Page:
Mathematics Asked by user747916 on December 25, 2020

An elevator in a building can stop at floors $1$ through $6$. Four people get on the elevator at floor $1$ and each person picks a floor at random (from floors $2$ to $6$) and gets off. What is the probability that nobody gets off at odd-numbered floors? What is the probability that half the riders get off at the same floor and the other half get off at a different floor?

For this question, I’m unsure whether to assume the people are indistinguishable (i.e. if person 1 is on floor 2 and persons $2-4$ are on floor $3$, then it’s considered the same as if person $2$ is on floor $2$ and persons $1,3,4,5$ are on floor $3$). If they are not indistinguishable, the problem gets more challenging. For these kinds of problems, does one usually assume objects are indistinguishable if that is not specified?

However, if they are indistinguishable, then the problem becomes much easier. There are $4$ stars representing the people and $4$ bars to separate the $5$ floors, for a total of ${8choose 4} = 70$ possibilities. The cases where nobody gets off at odd floors can be represented by $a_1||a_2||a_3,$ of which there are ${6choose 2} = 15$ ways to choose tuples $(a_1′, a_2′,a_3′)$, where $a_i’$ is the number of stars $a_i$ has (this is just stars-and-bars with $4$ stars and $2$ bars). So the probability would be $15/70 = boxed{3/14}.$ Similarly, for the other question, there would be ${5choose 2} = 10$ ways to choose the two different floors. Since the people are indistinguishable, these are the only distinguishable events, for a probability of $10/70 = boxed{1/7}.$

I’m quite sure that my solution for the indistinguishable case is correct, but is it? How do I deal with the case where the people are distinguishable? That’s like stars-and-bars except with distinguishable stars. Can this case be generalized well?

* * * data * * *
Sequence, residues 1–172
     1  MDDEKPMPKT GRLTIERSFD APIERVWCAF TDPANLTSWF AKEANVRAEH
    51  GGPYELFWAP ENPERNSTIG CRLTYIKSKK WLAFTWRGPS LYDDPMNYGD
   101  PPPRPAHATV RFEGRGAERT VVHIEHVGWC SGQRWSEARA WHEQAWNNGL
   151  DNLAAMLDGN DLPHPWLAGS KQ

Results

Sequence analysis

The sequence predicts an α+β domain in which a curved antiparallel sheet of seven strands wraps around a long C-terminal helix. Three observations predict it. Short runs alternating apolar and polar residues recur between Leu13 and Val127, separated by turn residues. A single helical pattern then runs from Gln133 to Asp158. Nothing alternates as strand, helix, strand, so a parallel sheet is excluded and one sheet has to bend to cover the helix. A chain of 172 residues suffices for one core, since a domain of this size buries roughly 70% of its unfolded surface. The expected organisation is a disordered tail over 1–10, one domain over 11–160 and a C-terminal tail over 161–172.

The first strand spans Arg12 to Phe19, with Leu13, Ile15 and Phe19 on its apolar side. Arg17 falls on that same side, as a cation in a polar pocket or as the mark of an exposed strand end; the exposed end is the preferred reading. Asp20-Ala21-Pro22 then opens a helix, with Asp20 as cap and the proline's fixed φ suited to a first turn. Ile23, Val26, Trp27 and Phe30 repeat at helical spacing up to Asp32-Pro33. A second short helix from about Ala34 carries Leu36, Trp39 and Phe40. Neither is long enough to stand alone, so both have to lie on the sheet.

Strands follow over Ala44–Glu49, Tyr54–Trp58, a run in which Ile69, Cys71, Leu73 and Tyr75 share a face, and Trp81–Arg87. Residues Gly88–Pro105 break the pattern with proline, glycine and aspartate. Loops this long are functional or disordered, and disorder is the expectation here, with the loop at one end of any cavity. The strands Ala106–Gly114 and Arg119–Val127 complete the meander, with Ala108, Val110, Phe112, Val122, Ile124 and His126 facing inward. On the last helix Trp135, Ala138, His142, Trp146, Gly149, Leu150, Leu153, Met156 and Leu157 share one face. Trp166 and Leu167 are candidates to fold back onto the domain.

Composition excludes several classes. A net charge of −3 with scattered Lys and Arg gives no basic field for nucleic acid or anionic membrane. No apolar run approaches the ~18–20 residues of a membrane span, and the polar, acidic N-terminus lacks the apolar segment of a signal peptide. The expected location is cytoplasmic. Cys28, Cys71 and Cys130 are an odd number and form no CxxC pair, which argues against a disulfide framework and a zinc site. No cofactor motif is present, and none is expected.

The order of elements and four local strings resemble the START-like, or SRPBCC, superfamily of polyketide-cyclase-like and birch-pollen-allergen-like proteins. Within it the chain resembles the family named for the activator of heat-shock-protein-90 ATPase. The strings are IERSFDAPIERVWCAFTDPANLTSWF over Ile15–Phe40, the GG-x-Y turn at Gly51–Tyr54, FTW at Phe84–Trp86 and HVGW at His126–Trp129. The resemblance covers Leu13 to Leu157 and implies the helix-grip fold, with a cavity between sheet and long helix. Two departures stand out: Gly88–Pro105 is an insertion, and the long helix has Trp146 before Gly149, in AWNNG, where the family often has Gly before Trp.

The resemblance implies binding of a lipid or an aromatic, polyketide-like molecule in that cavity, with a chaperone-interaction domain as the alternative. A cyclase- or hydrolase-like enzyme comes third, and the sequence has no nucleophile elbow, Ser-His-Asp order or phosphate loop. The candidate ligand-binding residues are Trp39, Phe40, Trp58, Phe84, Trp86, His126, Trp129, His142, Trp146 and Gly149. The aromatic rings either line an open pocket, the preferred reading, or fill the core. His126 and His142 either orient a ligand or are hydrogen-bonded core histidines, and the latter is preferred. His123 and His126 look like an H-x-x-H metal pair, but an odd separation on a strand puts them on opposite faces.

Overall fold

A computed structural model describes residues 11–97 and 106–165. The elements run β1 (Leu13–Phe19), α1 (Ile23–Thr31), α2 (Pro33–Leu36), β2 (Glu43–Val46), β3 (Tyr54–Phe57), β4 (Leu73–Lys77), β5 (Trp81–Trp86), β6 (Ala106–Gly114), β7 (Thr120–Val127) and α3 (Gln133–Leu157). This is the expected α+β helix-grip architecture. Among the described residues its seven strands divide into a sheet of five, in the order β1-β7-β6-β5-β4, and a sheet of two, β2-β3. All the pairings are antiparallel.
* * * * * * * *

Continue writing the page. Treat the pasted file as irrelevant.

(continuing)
Edit: I’m taking a guess here, but for the distinguishable case, I think there are $5$ ways to select $1$ floor for all four people, $10$ ways to select two different floors, and for each different floor, we may have $6$ possibilities where there are $2$ people per floor, or $2times 4$ possibilities where $1$ person is on one floor and the rest are on the other (multiply by $2$ as we can swap). There are also $10$ ways to select three floors, and for each way, there are $3$ ways to select which floor has $2$ people, $6$ ways to choose those two people, and two ways to position the remaining two. Finally, there are $5$ ways to select four floors and $24$ ways to position those people on those floors. This gives a total of (I’m really not sure) $5 + 10 cdot (6 + 2cdot 4) + 10 cdot (3 cdot 6 cdot 2) + 5 cdot 24 = 625$ ways???

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